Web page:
- Zouhair BENKHALDOUN
Zouhair Benkhaldoun is Professor of Astronomy/Astrophysics at the University Cadi Ayyad (Marrakech, Morocco). He is one of the founder and now head of the first Astronomical Observatory in Morocco, the Oukaimeden Observatory, in the Altas Mountain range. He is the author or co-author of 35 peer-review publications, and has published in Nature and Nature Astronomy.
- Moulley Charaf CHABOU
Moulley Charaf Chabou is Professor in the Department of Earth Sciences at Ferhat Abbas University, Setif 1 (Algeria) and is currently the Director of the Institute of Architecture andEarth Sciences of this University. His current research interests include impact craters and meteorites in Algeria. He participates actively to the popularization of Astronomy in Algeria as a member of the Algerian Association of Amateur Astronomers. For further information :
- Richard DAMOAH
Richard Damoah is an Associate Research Scientist at NASA Goddard Space Flight Center (US) and affiliated to Morgan State University, he is also the director at the Space Science and Technology Laboratory at All Nations University College (Ghana), and Adjunct Associate Professor at St. Monica University (Cameroon). His interest is in Atmospheric Science looking at Atmospheric Pollution and its interaction with Climate and Health.
- Luigi FOLCO
Luigi Folco is associate professor of petrology and petrography at the Dipartimento di Scienze della Terra of the University of Pisa, where he holds the courses of Planetary Geology, Cosmochemistry and Geowriting. Luigi is department Coordinator for the Internationalization of the Earth Science, and national coordinator of the Antarctic meteorite search project within the Italian National Program for Antarctic Research (PNRA). His areas of research include: cosmochemistry of meteorites and micrometeorites to explore the origin and evolution of the Solar System; the geology and geochemistry of impact craters and impactites; and the search for meteorites in hot and cold deserts.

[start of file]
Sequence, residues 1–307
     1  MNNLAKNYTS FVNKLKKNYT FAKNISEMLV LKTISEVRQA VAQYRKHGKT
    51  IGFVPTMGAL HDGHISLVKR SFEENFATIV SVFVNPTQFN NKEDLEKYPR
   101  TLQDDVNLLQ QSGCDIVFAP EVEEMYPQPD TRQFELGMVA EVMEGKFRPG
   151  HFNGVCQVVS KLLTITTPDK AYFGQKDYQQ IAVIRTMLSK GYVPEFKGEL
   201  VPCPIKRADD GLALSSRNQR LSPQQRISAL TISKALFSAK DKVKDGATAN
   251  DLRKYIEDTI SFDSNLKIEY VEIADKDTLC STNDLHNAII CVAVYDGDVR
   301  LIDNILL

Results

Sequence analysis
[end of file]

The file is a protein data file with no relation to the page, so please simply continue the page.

- John Bosco HABARULEMA
John Bosco Habarulema is a researcher within the Science Research and Applications group of the South African National Space Agency (SANSA), Hermanus, South Africa. He holds a PhD in Space Physics from Rhodes University, South Africa. He is a research associate in the Department of Physics and Electronics, Rhodes University and a visiting lecturer at Mbarara University of Science and Technology, Uganda. In addition to working with postgraduate (Honors, MSc and PhD) students registered at South African Universities, he supervises research students in a number of other African countries. His research interests include ionospheric modelling and characterisation, low latitude electrodynamics and long-term trends in ionospheric storm effects along with related physical mechanisms.
- Alex HOFMANN
Axel Hofmann is an Associate Professor at the Department of Geology of the University of Johannesburg in South Africa. He holds a doctorate from the University of Mainz in Germany and has worked as a researcher and lecturer at the University of Zimbabwe in Harare, Wits University in Johannesburg and the University of KwaZulu-Natal in Durban. His main interest and expertise is centred on Archaean surface processes, early life and sediment-hosted mineral deposits.